Skip to main content

Brown project spamming MediaWiki sites

A few weeks ago I noticed some very strange looking pages showing up on the TinyOS Docs Wiki which I maintain. These pages contained what appeared to be ASCII-encoded binary data of some kind, although the format was not anything I recognized. Cursory searches for what might be causing this turned up nothing, so I ended up spending a couple of hours locking down the site to prevent malicious edits.

Turns out this was (what appears to be) a student project from Brown called Graffiti which is intended to provide a kind of encrypted, distributed filesystem (I gather, since the paper isn't available) on top of "public" MediaWiki sites. (I should point out that the bogus pages on my site did not have the explanatory message at the top saying that they were related to this project - I guess this was only added in a later version of their code.)

The authors seem to be reticent about the trouble they have caused, but a comment that previously appeared on the project page suggests that they don't quite get why this is such a problem:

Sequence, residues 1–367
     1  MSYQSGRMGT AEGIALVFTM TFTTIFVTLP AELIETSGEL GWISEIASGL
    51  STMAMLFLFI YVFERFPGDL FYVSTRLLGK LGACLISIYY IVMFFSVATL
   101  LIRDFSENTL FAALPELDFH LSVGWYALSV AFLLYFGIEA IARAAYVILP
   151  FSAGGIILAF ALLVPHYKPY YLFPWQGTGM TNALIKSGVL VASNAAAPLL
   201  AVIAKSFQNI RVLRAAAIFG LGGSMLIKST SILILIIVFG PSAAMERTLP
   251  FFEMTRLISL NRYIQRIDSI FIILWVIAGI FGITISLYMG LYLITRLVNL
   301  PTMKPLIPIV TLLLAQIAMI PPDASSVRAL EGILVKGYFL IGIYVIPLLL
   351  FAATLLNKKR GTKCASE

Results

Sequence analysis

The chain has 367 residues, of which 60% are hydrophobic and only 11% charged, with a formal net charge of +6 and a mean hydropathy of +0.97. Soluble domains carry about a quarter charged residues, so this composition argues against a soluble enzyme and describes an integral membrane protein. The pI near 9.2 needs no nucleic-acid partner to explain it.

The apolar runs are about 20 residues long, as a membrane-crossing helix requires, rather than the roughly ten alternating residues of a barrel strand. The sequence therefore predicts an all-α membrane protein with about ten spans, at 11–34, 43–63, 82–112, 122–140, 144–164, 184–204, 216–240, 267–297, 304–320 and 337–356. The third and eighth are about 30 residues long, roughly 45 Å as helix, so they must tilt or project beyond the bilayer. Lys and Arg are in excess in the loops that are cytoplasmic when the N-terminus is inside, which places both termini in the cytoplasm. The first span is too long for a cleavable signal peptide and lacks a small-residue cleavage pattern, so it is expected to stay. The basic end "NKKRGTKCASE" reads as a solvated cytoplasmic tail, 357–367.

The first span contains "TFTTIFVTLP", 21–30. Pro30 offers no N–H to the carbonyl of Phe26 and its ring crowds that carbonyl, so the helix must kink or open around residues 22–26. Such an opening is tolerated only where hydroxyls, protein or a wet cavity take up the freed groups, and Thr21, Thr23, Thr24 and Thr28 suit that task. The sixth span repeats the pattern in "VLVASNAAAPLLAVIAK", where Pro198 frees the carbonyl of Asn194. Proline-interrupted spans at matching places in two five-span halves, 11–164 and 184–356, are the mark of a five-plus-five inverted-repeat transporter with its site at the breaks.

03/09/2009 - Rejection!
Our paper got rejected from IPTPS. One of the main points brought up by the reviewers was that our system was not a true peer-to-peer system. Most reviewers also seemed appalled at the idea of commandeering abandoned websites in order to store illegal content. Nevertheless, we are not deterred and will be searching for the next workshop/conference that is bold enough to take on the ideas of the Graffiti project!
(Seen on this discussion board.)

Now, while the idea of a distributed filesystem riding on top of "open" sites is cool, the way the authors went about this is problematic. Just because some MediaWiki sites are open doesn't make it OK to spam them with bogus pages for the purpose of doing your research -- I am sure this violates both the terms of service of Brown's network as well as the networks of those sites they spammed.